It has dated somewhat over the years but Fast Times at Ridgemont High tapped the zeitgeist of its times and remains an enjoyable glimpse of a year in the life of a bunch of high school kids as they deal with romance, sex, jobs, and hardcase teachers. For those who grew up on 80′s comedies, the jokes are bolstered by the sense of nostalgia but for those who didn’t those same jokes may come across as dated and weak. Its major strength is that the movie doesn’t pretend to be anything other than a bit of fun. This might not be the right tack to take when dealing with some of the trials and travails that the characters go through but, for a slice of teen comedy, getting bogged down in the emotional trauma of abortion or betrayal just won’t do. So everything is artificially sugar-coated and the audience is left all the happier for it.
Rating: The Good – 76.5 Genre: Drama Duration: 81mins Director: Gus Van Sant Stars: Elias McConnell, Alex Frost, Eric Deulen
Maybe the most disturbing thing you’ll ever see on film but certainly one of the most thought-provoking, Gus Van Sant’s documentary-like depiction of a typical high school day that ends in tragedy addresses the disturbing phenomenon of high school shootings, a phenomenon that too many shy away from or simply don’t want to address. He gives us as objective a viewpoint as you could get from a dramatic feature and doesn’t patronise the viewer by offering any one theory to account for why these things happen. If fact, by the time the last scene comes to a close Van Sant is clearly admitting that he doesn’t know and that the causes of such catastrophes are so complex that it’s impossible to reduce them to the simple explanations which much of the media propagate. The killers are shown to be bullied but they are also shown to be cold and calculating and completely lacking in empathy. They play violent video-games but they are also quite artistic. Van Sant makes no excuses nor does he attempt to pass judgement.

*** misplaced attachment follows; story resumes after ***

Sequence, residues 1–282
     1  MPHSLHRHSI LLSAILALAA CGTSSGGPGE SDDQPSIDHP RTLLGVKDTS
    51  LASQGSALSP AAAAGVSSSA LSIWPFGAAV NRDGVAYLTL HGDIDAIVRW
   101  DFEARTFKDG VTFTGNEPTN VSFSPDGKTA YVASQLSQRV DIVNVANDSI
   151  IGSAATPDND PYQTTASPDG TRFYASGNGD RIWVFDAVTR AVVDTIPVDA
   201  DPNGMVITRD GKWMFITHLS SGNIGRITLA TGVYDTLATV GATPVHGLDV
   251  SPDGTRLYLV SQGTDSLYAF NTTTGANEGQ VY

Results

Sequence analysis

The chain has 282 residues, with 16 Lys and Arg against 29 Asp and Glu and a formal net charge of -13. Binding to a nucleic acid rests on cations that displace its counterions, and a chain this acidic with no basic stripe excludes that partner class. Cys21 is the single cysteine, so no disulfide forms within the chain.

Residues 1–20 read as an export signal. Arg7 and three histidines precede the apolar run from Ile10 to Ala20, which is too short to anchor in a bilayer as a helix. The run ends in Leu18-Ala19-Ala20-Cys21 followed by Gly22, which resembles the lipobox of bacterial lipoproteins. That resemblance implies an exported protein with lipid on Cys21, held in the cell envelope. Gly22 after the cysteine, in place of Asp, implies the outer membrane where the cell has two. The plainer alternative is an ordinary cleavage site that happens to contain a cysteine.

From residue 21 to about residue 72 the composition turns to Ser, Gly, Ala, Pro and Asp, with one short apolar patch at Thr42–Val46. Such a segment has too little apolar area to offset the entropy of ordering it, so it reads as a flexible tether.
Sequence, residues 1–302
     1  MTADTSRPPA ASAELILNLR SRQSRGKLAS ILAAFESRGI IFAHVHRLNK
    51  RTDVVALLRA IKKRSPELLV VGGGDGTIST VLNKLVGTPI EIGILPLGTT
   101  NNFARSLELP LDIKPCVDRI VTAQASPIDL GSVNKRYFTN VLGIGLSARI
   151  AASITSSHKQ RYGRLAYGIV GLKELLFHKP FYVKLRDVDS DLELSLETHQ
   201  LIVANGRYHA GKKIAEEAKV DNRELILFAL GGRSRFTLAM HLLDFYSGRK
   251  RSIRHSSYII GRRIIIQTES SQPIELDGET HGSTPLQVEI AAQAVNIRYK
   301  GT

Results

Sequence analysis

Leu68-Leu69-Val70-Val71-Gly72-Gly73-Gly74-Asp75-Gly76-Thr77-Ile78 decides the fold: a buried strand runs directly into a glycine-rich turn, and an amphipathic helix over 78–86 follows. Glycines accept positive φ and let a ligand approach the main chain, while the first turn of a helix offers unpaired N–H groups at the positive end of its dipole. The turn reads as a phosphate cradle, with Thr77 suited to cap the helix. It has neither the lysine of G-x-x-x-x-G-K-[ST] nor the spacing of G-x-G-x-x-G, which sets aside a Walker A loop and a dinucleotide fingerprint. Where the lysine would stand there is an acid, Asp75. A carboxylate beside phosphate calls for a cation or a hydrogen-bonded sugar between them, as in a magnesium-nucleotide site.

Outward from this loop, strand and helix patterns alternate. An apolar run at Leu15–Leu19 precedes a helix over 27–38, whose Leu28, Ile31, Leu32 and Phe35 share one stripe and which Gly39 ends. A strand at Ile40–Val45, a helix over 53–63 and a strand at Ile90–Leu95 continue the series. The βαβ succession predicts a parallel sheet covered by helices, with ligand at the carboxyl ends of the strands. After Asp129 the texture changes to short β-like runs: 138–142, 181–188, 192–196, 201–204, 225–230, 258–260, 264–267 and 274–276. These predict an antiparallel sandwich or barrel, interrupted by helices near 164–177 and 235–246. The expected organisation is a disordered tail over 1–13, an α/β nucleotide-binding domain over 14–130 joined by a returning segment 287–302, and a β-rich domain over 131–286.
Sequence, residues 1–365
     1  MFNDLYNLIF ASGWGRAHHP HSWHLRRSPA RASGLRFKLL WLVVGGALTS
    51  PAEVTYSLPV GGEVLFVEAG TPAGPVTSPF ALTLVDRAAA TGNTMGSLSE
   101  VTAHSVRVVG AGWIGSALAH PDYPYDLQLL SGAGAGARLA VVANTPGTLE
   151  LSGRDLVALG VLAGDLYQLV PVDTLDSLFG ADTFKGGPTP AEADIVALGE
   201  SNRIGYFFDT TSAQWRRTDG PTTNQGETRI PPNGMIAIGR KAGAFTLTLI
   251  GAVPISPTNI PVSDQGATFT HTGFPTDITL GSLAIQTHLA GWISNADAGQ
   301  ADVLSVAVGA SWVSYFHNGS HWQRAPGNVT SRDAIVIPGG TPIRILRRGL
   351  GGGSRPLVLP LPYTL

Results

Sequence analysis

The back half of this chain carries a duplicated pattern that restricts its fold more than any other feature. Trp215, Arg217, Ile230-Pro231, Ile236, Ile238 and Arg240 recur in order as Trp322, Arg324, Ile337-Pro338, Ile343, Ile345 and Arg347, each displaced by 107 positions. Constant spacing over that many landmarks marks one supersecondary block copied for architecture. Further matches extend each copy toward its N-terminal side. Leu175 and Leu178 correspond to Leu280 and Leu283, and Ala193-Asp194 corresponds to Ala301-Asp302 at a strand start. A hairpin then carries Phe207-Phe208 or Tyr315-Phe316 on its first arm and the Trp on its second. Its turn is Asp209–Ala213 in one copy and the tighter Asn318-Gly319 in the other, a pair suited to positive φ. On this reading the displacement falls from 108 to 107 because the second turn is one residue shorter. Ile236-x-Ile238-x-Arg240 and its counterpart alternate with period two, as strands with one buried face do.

Elephant essentially gives us the final act of a typical story dropping in on the high school students an hour before the shootings begin. This seems to prevent any desensitisation to the kill spree that might accrue as there is no time to brace yourself. The students in the story were played by actual teenagers who improvised their lines and the various characters are archetyped but not stereotyped so that you have the jock and the arty characters coming across as they actually would in real life. All this comes together to make the final ten minutes truly horrifying because what we see does not remotely feel like a fiction. The film won the 2003 Palme D’or.